ICA's long-term goals and the composition of its staff have been shaped by strongly held beliefs and ideals. Archaeological research and full publication are, of course, central to its mission. We believe, however, that publication should be much more than a scientific report of the excavation with illustrations of some of the objects discovered. It is our goal to make available the full range of the data we collect, in order to make it possible for other researchers to ask questions of their own. At the same time, we regard it as highly important to synthesize the results of our research in such a way that they illuminate ancient life at a particular place and time while highlighting its connection to the broader history of the region and period. We are especially interested in rural and non-elite populations, whose daily lives and material circumstances have often been neglected by scholars of the ancient world. Our approach is broad and interdisciplinary, and we believe strongly in the power of the integration of research in all fields related to the study of the past, from geomorphology to paleobotany to physical anthropology to history to remote sensing and GIS.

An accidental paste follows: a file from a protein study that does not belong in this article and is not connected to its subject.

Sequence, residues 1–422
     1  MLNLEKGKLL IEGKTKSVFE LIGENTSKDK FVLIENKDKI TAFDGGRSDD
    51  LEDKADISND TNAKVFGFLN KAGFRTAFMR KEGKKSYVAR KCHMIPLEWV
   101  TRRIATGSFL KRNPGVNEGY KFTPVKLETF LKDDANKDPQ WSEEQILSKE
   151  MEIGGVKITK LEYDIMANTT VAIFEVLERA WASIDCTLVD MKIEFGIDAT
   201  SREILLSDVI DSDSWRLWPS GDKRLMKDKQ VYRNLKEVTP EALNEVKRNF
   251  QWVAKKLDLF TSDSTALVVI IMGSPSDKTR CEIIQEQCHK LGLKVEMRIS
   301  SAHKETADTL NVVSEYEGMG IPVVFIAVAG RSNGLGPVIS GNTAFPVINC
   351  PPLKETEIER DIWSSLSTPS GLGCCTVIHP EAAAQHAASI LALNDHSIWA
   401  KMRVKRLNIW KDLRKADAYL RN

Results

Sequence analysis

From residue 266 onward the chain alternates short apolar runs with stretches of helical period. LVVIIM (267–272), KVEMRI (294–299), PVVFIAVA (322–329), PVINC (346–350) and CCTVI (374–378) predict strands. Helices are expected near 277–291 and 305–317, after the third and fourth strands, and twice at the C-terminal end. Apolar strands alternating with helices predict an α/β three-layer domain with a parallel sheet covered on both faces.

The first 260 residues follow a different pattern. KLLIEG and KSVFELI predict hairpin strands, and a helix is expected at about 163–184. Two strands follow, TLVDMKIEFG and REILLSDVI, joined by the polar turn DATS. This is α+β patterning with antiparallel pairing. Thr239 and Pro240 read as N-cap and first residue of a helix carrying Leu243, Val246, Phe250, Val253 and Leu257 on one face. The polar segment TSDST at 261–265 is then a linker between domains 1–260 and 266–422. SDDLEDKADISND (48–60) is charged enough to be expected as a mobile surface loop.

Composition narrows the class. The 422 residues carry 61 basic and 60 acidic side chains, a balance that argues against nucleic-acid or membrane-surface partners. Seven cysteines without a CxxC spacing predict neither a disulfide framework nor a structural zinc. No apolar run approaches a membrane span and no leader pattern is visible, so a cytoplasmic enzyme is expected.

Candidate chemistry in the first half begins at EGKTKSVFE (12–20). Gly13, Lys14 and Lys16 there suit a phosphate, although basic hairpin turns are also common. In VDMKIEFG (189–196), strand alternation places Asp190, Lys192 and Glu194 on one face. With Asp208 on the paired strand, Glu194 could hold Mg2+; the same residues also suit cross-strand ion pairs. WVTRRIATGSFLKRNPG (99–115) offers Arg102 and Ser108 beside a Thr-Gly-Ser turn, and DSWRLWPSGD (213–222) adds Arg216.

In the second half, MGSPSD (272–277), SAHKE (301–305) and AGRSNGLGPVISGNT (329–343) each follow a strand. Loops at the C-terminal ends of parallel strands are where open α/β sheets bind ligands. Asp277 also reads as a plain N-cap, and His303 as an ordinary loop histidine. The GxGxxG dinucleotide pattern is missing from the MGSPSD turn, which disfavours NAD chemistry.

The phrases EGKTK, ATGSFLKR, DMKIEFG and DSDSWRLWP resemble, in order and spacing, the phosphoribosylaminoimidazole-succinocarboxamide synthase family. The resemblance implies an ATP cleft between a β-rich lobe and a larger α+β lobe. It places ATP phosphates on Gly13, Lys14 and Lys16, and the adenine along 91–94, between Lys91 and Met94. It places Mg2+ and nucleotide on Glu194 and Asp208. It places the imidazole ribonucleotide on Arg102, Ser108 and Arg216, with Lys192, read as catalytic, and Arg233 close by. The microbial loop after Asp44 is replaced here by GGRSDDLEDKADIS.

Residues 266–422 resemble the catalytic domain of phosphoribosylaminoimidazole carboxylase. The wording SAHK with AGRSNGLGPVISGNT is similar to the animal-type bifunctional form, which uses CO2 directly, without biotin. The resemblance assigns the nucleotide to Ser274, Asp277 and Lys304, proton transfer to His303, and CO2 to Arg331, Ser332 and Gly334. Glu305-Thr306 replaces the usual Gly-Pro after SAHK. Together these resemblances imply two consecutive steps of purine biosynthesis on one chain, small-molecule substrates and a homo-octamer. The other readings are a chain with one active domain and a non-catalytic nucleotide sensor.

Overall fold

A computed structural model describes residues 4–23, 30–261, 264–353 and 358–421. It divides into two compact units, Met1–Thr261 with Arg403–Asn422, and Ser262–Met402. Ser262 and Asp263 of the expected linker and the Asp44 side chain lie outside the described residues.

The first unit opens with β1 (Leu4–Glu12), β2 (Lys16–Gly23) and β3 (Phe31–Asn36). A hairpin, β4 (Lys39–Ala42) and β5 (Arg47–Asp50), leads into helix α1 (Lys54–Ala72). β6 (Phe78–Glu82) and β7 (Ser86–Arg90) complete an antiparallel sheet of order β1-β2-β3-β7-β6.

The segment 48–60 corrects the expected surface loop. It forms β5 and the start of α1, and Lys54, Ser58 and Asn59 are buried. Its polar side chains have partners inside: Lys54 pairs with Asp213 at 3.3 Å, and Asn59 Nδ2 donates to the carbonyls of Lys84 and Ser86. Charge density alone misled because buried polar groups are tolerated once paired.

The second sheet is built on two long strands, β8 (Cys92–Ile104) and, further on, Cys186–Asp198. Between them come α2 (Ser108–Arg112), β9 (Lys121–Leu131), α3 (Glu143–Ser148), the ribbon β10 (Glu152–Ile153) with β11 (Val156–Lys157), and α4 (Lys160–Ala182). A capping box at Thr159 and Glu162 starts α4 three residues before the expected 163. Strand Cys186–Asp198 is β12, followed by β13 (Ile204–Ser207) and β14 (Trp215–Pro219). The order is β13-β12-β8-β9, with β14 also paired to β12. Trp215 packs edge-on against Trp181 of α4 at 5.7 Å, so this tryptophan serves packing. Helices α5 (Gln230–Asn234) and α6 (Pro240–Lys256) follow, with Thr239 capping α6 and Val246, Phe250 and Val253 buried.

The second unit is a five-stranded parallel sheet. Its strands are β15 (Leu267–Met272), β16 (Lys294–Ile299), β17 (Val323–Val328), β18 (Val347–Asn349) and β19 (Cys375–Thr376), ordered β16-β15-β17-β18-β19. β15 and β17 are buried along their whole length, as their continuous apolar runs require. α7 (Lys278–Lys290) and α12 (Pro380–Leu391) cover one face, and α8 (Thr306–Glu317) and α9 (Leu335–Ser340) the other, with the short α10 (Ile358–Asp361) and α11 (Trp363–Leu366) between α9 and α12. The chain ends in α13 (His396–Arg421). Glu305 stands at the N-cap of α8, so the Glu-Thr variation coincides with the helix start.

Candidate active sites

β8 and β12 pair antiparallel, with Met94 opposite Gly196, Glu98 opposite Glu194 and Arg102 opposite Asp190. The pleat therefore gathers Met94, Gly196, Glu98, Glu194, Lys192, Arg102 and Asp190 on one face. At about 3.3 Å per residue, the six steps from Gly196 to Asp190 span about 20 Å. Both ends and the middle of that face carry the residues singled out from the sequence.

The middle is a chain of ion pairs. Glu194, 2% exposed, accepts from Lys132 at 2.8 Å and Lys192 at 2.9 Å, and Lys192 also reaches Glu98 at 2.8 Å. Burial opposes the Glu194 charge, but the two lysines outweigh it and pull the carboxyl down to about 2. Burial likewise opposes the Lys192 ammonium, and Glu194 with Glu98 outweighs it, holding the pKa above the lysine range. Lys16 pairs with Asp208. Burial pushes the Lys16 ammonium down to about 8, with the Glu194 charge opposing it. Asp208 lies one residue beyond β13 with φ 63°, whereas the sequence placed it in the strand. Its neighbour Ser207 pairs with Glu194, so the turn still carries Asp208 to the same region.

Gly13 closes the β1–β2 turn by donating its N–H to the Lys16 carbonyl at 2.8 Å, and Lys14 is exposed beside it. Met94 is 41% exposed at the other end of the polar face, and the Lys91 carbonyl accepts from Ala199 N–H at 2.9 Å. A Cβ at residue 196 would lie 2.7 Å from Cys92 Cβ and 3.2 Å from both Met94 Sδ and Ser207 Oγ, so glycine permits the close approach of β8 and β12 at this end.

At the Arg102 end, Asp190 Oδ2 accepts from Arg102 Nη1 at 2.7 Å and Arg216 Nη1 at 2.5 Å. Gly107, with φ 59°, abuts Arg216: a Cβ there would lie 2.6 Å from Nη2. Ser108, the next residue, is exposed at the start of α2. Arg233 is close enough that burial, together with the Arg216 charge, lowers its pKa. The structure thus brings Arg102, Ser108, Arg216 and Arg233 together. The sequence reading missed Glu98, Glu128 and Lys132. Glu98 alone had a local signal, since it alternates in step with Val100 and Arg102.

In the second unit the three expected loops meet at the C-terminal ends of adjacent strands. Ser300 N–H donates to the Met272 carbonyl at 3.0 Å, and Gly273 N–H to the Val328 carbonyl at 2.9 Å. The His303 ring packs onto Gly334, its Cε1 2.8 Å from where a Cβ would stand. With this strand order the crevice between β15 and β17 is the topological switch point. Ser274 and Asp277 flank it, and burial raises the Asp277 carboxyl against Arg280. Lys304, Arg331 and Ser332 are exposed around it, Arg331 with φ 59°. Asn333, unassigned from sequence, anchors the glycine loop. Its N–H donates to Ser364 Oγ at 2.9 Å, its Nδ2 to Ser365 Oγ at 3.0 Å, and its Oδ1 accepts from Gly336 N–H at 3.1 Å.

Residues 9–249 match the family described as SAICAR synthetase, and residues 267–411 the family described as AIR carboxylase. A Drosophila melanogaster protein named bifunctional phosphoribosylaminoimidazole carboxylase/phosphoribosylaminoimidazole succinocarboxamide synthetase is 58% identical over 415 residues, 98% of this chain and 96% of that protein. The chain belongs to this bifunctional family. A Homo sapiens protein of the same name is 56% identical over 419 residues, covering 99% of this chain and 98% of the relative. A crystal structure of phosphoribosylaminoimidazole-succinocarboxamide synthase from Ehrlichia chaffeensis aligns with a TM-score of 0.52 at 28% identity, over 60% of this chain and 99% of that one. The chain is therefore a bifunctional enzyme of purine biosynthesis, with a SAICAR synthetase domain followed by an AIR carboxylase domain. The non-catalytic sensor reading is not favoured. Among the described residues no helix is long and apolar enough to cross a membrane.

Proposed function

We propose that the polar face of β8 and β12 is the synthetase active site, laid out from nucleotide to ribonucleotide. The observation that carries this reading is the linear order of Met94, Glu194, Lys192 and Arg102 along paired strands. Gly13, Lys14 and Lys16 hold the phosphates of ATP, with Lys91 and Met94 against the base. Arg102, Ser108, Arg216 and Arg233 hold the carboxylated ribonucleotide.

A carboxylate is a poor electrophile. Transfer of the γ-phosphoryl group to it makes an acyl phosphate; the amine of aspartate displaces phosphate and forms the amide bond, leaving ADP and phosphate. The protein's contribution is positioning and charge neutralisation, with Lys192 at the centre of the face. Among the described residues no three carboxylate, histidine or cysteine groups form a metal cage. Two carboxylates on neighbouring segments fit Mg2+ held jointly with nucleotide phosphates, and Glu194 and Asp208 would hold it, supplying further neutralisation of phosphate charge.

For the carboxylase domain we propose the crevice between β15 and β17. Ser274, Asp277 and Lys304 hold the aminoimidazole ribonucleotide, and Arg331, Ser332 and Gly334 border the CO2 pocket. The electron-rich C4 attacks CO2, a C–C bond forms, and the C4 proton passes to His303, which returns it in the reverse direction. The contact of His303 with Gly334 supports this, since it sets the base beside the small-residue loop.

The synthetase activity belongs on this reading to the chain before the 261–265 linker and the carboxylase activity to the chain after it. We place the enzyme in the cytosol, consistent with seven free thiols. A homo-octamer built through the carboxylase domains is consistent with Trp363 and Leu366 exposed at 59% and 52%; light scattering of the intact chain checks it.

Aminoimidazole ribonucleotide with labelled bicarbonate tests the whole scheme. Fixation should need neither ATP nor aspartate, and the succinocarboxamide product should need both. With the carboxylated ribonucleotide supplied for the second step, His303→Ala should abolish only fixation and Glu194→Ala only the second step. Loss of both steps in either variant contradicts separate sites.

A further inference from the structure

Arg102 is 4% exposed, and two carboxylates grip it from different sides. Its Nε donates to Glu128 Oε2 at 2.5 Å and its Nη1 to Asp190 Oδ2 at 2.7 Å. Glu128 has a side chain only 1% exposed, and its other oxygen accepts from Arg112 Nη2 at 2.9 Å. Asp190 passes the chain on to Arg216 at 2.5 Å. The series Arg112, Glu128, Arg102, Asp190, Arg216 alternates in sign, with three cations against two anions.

We further believe that the future of the site after excavation is a major responsibility of the archaeological team, hence our involvement in conservation activities and our efforts to help develop archaeological parks at both the National Preserve of Tauric Chersonesos in Ukraine and at Metaponto in Italy. Sites and landscapes should be firmly protected and supported by laws if they are to survive and offer instruction and enjoyment to coming generations. Our strong concern for the future of the archaeological remains, as well as their proper excavation and development, animates our efforts to support and advise the institutions that directly control these remains, and the politicians who control those institutions. A large part of that effort is focused on disseminating knowledge of these sites through conferences, programs, and publications designed for wider audiences.
Behind all our efforts is the firm belief that archaeology is an international endeavor and that information, resources, and technical expertise should be shared. Political groups may disagree with each other and with their own constituencies, but archaeologists can do their part to carry on civilized discourse and engage in joint projects that lead to a better understanding of our cultural heritage.